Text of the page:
How To Play Conga Drums

How To Play Conga Drums

Drums are amongst the most catchy and easiest instruments to learn to play. Impress all your friends with your skills at conga-playing. This VideoJug will show you how!

Hi. I'm Toby the from Music Workshop Company, and I'm here to teach you a little bit about playing congas. So, today we're sitting playing them.

You can play them standing up as well. They're also called tumbadoras, they're also called - they have separate names - the smallest one here is a kinto, and the big one here is a tumba. As I sit with them, you notice I'm angling the kinto away from me, so the sound can come from the bottom.

So, when I'm sitting here I'm holding them between my legs, but just at an angle. So if I was to relax and open my legs, the drum would fall back into me, so it won't hit the floor. You can do the same here with your knee pushing the tumba drum out, that does give you a more better acoustic.

Okay, so we're going to look at the various sounds. We're going to start on the kinto. We've got some nice close sounds here, very relaxed, exactly as you see the hand is nice and relaxed here.

And we've got the open sounds. I'm always keeping my thumbs up - this is a really important thing. I think everyone does it when they start playing congas, so don't worry about it, you'll only do it once though.

Hit your thumbs up, because as your thumbs go down, they will literally strike this wooden rim here underneath the skin of the drum, and you get really bad bruises. So, keep your thumbs up. There we've got our open tones, and we've got our closed tones.

The heel of the hand here produces a fantastic bass response, and a tip another sound. There's so many sounds to these drums, and I've only just done one. The hardest sound to get, the sound that people find the most challenging to get is the slap tone.

The slap tone sounds like this, so it's very onomatopoeic, so it sounds like a slap. And the way we do this, the best explanation I can think of is that if you imagine your hand as a wet rag, imagine that you've dipped that hand just into the water as far as the fingertips. So very relaxed, but yet the weight is coming down on the fingertips.

If you tense up, not as natural a sound. So it's all relaxed, so it shouldn't hurt too much unless you slap down. Exactly the same applies here, although you wouldn't probably slap the tumba drum, more use it for bass notes and things, various different patterns which we'll get on to.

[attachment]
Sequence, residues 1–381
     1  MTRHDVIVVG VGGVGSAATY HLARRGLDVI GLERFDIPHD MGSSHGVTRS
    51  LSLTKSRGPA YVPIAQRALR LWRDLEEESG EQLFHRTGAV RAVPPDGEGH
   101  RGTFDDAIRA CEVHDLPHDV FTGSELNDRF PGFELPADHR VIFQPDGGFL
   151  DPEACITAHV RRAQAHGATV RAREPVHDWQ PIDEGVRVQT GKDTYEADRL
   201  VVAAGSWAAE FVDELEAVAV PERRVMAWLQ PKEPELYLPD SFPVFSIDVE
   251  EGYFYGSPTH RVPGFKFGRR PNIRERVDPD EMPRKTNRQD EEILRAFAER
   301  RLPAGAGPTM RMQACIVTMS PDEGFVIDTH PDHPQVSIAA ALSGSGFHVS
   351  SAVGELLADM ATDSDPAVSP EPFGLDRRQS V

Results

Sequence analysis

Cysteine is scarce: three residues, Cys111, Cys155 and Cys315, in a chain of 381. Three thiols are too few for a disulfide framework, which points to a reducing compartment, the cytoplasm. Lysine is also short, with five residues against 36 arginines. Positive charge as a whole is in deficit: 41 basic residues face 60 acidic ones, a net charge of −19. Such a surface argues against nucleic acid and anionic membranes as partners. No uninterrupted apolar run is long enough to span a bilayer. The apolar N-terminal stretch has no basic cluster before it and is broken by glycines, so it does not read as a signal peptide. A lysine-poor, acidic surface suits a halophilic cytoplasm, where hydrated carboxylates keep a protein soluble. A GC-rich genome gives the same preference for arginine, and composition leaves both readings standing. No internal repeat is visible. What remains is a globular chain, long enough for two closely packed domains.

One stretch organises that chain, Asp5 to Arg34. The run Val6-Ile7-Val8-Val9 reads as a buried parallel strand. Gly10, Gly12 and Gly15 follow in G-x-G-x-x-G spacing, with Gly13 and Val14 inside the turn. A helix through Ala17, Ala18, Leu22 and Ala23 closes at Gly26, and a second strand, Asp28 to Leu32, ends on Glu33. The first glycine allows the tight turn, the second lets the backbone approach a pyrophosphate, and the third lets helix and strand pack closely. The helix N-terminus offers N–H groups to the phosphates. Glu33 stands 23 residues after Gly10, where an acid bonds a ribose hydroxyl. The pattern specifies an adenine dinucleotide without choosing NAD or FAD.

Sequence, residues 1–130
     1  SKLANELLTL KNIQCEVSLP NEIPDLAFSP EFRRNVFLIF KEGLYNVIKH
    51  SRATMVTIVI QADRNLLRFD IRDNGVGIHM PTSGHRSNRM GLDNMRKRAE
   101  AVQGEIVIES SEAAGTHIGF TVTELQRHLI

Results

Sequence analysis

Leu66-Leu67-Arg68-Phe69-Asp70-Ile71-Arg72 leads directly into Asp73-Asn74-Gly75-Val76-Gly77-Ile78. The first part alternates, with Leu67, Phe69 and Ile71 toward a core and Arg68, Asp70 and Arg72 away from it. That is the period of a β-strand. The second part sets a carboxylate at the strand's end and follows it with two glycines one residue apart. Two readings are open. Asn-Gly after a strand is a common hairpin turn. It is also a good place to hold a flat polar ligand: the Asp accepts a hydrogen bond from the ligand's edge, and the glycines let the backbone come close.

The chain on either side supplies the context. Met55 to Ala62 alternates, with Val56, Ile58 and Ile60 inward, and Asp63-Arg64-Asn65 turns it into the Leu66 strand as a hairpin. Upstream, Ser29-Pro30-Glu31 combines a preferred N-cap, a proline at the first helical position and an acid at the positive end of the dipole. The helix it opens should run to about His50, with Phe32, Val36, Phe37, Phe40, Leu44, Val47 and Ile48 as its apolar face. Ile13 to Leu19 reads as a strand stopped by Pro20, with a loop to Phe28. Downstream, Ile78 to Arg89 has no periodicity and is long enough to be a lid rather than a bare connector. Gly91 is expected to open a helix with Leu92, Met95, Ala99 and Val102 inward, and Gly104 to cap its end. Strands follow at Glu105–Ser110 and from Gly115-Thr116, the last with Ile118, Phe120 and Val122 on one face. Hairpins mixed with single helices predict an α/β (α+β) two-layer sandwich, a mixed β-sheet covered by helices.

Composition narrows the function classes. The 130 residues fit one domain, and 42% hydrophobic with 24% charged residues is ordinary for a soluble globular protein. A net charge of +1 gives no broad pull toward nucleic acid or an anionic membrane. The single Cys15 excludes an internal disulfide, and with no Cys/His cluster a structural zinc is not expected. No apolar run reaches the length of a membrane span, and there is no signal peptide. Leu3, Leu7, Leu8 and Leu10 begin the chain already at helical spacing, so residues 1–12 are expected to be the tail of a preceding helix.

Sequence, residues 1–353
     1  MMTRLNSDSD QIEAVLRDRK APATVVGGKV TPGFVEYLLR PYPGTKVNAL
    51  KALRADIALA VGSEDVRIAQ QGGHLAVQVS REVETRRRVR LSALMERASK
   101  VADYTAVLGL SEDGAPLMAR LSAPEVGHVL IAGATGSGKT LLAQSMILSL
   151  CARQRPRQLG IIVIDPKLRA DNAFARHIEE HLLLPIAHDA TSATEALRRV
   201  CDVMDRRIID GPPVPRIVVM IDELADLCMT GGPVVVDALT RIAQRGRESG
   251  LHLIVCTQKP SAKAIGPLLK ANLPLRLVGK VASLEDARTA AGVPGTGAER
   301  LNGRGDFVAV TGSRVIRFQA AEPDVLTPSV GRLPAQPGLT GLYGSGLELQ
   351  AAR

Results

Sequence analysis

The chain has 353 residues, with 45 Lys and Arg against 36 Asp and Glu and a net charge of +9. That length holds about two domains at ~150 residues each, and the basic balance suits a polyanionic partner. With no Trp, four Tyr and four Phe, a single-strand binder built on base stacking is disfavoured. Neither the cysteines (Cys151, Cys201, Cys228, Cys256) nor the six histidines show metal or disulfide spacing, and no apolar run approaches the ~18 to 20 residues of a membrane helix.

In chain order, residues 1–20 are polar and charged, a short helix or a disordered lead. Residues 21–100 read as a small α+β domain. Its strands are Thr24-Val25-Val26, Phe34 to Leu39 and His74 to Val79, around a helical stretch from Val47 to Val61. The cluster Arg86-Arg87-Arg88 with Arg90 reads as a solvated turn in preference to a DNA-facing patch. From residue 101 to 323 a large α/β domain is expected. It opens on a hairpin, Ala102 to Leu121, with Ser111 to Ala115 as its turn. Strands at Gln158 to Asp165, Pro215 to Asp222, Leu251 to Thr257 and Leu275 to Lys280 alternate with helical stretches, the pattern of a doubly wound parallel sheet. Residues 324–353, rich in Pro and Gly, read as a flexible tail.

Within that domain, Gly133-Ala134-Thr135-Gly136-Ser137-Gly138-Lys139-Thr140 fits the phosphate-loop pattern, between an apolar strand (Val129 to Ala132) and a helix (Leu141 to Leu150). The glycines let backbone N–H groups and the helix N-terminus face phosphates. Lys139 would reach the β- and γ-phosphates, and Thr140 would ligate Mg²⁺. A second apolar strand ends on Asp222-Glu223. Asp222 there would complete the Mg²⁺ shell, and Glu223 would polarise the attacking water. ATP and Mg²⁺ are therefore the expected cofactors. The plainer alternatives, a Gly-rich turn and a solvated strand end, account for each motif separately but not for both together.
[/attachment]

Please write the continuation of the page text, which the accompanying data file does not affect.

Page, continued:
So, I'm going to teach you a really basic pattern. It involves the tip, the slap, and the open tone, and it's called a tumbau - t-u-m-b-a-u, I think. So, all 1/8th notes, so you're playing, that means you're playing 8 to a bar, or 4 in a bar.

So, one and two and three and four and so we're just playing that subdivision. One and two and three and four and one and two and three and four and. So, that's the subdivision.

What am I doing with my hands? I'm playing heel, tip, slap, tip, heel, tip, open, open. Heel, tip, slap, tip, heel, tip, open, open. So the thing to check out there is when I do the slap, I'm leaving that left hand down, because it's harder to slap an open slap - an open slap is there, it's nice if you just - you're not pressing down with that left hand, but it's nicer to get a slap with just a slightly muted hit, so we're just doing that while leaving the left hand on it.

So, heel, leave it down, slap, tip, heel, tip, open, open. Every odd bar you might want to go to the open on the tumba. Okay.

A variation on that you'll hear. You might want to start with instead of with the heel - an open. Okay, so we're getting into slightly faster things, but essentially a variation on that, and you'll hear that - a variation of that pattern on almost every single kind of pop tune that's got congas, very much.